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University of Wisconsin-Madison political scientist Katherine Cramer wrote "The Politics of Resentment: Rural Consciousness in Wisconsin and the Rise of Scott Walker," explained how this resentment represents how one's place-based identities influence their understanding of politics.
Sharon Long
Waterborne pathogens can cycle between the environment and their human and animal hosts, causing illness in people and spreading disease between households. To determine how fecal matter contaminates groundwater, scientists use indicators that specify the source, identifying it as human or animal waste.
Waukesha is in the process of gaining approval to divert Great Lakes water to the county. It would mark the first time an area outside the Great Lakes basin has been approved to use Lake Michigan water.
Kenneth Bradbury
Leaky sewer pipes might be the source of viruses found in drinking water that Wisconsin municipalities draw from bedrock aquifers 800 feet below ground..
A new system in Wisconsin requires hunters register their deer kills via electronic registration, as opposed to registering in person at a station. The 2015 season marks the first time such a requirement has been implemented in the state.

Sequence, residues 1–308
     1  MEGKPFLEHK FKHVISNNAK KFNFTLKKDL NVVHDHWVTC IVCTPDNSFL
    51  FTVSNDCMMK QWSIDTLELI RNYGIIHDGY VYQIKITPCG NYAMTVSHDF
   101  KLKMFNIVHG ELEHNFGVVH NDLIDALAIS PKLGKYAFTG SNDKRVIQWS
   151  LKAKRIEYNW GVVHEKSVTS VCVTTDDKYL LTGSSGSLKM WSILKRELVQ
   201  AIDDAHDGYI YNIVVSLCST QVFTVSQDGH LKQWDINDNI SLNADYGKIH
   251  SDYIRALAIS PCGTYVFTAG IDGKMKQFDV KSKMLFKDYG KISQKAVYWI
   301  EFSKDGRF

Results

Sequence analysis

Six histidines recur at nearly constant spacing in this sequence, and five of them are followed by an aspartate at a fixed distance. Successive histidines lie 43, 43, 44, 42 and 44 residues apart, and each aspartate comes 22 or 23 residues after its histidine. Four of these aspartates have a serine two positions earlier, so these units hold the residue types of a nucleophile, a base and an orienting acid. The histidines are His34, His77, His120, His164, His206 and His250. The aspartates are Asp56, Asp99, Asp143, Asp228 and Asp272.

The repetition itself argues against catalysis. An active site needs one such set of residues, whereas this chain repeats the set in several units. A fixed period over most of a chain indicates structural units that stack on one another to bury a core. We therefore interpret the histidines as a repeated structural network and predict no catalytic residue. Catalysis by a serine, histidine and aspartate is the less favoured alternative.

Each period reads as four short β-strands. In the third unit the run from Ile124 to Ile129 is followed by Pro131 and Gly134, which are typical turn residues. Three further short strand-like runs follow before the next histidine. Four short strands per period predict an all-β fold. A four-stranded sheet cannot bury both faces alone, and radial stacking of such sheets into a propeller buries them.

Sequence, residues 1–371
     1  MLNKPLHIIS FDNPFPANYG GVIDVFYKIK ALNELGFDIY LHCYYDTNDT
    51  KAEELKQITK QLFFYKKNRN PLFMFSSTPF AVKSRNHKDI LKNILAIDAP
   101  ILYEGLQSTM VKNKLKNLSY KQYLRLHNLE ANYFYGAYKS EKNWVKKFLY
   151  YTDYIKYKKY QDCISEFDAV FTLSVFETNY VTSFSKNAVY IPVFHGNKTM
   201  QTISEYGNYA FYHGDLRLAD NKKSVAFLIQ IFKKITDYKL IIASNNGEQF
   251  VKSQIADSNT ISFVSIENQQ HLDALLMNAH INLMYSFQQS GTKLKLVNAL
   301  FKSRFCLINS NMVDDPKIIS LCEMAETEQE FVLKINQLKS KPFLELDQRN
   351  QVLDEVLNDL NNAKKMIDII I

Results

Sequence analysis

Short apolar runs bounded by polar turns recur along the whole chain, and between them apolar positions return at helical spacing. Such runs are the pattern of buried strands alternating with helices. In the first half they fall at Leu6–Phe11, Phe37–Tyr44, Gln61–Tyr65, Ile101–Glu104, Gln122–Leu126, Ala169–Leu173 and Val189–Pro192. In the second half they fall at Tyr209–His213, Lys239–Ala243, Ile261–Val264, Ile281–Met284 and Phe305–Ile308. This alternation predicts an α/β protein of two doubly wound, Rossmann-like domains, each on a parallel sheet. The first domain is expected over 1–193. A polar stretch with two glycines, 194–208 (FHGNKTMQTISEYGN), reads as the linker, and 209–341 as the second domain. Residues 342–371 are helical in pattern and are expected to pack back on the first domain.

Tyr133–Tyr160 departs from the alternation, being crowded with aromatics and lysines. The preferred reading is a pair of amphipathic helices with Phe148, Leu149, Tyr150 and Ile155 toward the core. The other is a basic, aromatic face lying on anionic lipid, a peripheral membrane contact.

Mousa Aldashash and his family came to Middleton after escaping violence in Syria.
Lutheran Social Services is preparing for the possibility of refugees from Syria resettling in Wisconsin.
Stacy Taeuber started the Immigrant Justice Clinic at the University of Wisconsin-Madison in 2012. The clinic has served over 100 individuals from at least 20 nations in deportation proceedings since its inception.
ENSO sea level comparison, 1997 and 2015
The El Niño of 1997-98 was historic, but no two ENSO events are alike, nor are their weather effects in any given location, thanks to differences in how Pacific Ocean waters warm.
ENSO cycle map
The weather phenomenon most commonly called El Niño is one part in a cycle of irregularly changing trade winds and sea surface temperatures in the equatorial Pacific Ocean.